The evidence the Israeli army presents is worthless in terms of credibility and has been debunked many times

Daoud Kuttab

A better understanding of the reasons for the ban on journalists has to do with the constant aim of Israel and its supporters to control and spin the narrative. Sure, war has its secrets, but the biggest problem in this war has been the repeated accusations of Israel committing war crimes, as it has targeted civilians, hospitals, churches, schools and universities.

Israel claims, without proof, that many of those locations were Hamas “headquarters.” The evidence that the Israeli army presents to the world is worthless in terms of credibility and has been debunked many times by courageous investigative journalists.

But let us imagine if journalists like CNN’s Anderson Cooper, The New York Times’ Nicholas Kristof or the BBC’s Lyse Doucet were at the Shifa Hospital when Israel rolled out the fabricated video claiming that Hamas fighters (they called them terrorists) were using the basement of the building as their headquarters. If any well-known foreign journalist was around, he or she would have easily debunked the claim by simply saying, “I am at the hospital, I have checked it out and the claims are bogus.”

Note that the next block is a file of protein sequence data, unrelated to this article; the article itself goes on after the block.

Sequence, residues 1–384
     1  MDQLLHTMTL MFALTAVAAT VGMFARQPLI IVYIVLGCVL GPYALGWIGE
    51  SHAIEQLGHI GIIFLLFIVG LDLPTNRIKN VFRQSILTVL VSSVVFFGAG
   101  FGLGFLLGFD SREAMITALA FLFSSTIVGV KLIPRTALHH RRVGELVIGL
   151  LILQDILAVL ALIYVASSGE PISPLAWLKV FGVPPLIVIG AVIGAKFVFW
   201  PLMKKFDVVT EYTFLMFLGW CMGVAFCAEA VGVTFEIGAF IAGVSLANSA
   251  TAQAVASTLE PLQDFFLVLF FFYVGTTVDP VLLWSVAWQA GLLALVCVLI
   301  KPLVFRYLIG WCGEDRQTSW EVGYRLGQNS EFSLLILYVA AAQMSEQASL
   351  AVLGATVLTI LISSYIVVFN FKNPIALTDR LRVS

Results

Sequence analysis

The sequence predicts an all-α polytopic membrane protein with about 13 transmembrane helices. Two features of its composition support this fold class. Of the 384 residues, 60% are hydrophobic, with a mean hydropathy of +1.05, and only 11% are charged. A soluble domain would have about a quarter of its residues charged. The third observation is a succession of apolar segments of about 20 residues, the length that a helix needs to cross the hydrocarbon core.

But Israel is not willing to let anyone expose its lies, which are necessary to continue its military efforts aimed at forcing the Palestinian resistance fighters to surrender. How many innocent Palestinian lives would have been saved had Israel allowed foreign journalists into the war theater?

Regardless — and as obvious as Israel’s goal in controlling the narrative is — the complicity of Western media anchors, editors, broadcasters and corporate chiefs should not be overlooked. A simple note or superimposed text should be included every time a report about or from Gaza is broadcast or printed. The note should say: “Israel denied our reporters access to Gaza.” If this message was repeated every single time a story about Gaza was published or broadcast, the so-called only democracy in the Middle East would be forced to give in.

The corporate media must rise to the occasion and insist on the public’s right to hear first-hand from their own reporters

Daoud Kuttab